Science Sucking carbon dioxide from air is cheaper than scientists thought

Discussion in 'Headline News' started by tom_mai78101, Dec 30, 2018.

  1. tom_mai78101

    tom_mai78101 The Helper Connoisseur / Ex-MineCraft Host Staff Member

    Ratings:
    +964 / 4 / -1
    Siphoning carbon dioxide (CO2) from the atmosphere could be more than an expensive last-ditch strategy for averting climate catastrophe. A detailed economic analysis published on 7 June suggests that the geoengineering technology is inching closer to commercial viability.

    The study, in Joule, was written by researchers at Carbon Engineering in Calgary, Canada, which has been operating a pilot CO2-extraction plant in British Columbia since 2015. That plant — based on a concept called direct air capture — provided the basis for the economic analysis, which includes cost estimates from commercial vendors of all of the major components. Depending on a variety of design options and economic assumptions, the cost of pulling a tonne of CO2 from the atmosphere ranges between US$94 and $232. The last comprehensive analysis of the technology, conducted by the American Physical Society in 2011, estimated that it would cost $600 per tonne.

    Carbon Engineering says that it published the paper to advance discussions about the cost and potential of the technology. “We’re really trying to commercialize direct air capture in a serious way, and to do that, you have to have everybody in the supply chain on board,” says David Keith, acting chief scientist at Carbon Engineering and a climate physicist at Harvard University in Cambridge, Massachusetts.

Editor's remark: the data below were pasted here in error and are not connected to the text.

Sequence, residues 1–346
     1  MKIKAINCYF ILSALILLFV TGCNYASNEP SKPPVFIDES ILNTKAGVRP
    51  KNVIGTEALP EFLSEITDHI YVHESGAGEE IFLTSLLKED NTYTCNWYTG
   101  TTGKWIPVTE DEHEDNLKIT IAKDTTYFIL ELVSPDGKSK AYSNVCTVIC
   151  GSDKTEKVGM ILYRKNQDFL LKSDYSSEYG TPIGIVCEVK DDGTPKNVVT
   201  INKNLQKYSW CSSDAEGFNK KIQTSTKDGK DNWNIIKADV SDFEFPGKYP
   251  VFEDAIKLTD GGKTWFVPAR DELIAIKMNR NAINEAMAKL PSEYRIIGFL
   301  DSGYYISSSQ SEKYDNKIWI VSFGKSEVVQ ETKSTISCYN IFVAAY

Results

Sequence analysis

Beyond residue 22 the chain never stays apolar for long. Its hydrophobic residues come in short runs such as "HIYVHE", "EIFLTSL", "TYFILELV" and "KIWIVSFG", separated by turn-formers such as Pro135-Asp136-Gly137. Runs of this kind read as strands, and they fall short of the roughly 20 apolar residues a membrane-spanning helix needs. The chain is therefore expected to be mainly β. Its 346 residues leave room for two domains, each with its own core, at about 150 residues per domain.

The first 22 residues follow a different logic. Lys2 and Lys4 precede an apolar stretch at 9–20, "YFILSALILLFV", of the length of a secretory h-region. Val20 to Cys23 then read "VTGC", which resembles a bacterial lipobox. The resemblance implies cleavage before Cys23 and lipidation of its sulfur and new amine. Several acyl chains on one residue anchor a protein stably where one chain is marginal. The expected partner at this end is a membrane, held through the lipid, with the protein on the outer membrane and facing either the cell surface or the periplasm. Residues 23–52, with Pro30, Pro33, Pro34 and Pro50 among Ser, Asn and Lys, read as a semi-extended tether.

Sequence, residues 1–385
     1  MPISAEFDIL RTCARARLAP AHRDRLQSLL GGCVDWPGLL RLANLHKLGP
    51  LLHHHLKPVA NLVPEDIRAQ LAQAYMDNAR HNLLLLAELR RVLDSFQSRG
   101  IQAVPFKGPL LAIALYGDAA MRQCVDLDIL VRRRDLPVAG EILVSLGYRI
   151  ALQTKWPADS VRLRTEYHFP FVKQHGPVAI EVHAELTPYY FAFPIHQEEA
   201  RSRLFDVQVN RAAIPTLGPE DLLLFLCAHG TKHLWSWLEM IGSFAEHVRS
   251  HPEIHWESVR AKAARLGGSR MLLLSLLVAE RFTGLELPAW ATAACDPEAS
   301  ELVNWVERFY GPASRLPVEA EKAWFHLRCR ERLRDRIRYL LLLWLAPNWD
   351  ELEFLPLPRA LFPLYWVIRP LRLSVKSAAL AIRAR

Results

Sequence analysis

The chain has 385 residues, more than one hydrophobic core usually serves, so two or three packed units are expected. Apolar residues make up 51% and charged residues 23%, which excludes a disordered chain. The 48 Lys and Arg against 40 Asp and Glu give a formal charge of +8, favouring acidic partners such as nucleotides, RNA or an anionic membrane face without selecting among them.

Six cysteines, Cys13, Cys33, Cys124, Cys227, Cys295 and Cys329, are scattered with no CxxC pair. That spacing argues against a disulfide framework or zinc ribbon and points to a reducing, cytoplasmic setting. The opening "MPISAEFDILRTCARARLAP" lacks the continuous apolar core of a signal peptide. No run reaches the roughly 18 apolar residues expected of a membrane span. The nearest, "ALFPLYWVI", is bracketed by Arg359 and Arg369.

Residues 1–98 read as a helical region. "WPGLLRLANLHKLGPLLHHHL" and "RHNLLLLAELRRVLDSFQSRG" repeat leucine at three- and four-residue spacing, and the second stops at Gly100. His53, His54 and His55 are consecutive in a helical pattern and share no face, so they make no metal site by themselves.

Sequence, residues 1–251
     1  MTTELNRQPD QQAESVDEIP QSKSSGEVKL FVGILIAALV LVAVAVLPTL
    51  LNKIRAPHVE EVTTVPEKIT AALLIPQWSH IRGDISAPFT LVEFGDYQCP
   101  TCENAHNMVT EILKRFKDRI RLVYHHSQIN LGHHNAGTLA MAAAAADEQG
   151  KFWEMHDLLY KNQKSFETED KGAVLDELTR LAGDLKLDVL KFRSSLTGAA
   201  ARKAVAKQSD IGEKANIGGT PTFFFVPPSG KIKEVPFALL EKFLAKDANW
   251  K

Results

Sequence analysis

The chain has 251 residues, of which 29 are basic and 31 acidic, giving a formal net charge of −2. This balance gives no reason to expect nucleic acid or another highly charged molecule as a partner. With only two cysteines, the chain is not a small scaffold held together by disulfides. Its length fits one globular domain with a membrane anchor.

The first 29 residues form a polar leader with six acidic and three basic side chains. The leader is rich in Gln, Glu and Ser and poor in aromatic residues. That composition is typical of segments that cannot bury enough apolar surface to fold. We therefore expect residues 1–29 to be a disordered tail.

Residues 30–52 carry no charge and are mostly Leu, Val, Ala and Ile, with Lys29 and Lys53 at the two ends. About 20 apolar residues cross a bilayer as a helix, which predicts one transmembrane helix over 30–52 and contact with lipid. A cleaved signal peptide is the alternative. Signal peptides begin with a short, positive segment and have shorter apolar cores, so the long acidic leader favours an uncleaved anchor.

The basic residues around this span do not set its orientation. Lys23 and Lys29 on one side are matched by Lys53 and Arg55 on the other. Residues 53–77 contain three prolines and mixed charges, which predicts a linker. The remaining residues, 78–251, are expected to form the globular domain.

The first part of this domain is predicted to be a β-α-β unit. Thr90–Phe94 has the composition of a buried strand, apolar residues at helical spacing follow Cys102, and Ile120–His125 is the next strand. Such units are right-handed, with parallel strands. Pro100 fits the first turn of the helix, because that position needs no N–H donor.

Founded in 2009, Carbon Engineering is one of a few companies pursuing direct air capture technologies. One competitor, Climeworks in Zurich, Switzerland, opened a commercial facility last year that can capture 900 tonnes of CO2 from the atmosphere each year for use in greenhouses. Climeworks has also opened a second facility in Iceland that can capture 50 tonnes of CO2 a year and bury it in underground basalt formations.


    Read more here. (Nature)
     

Share This Page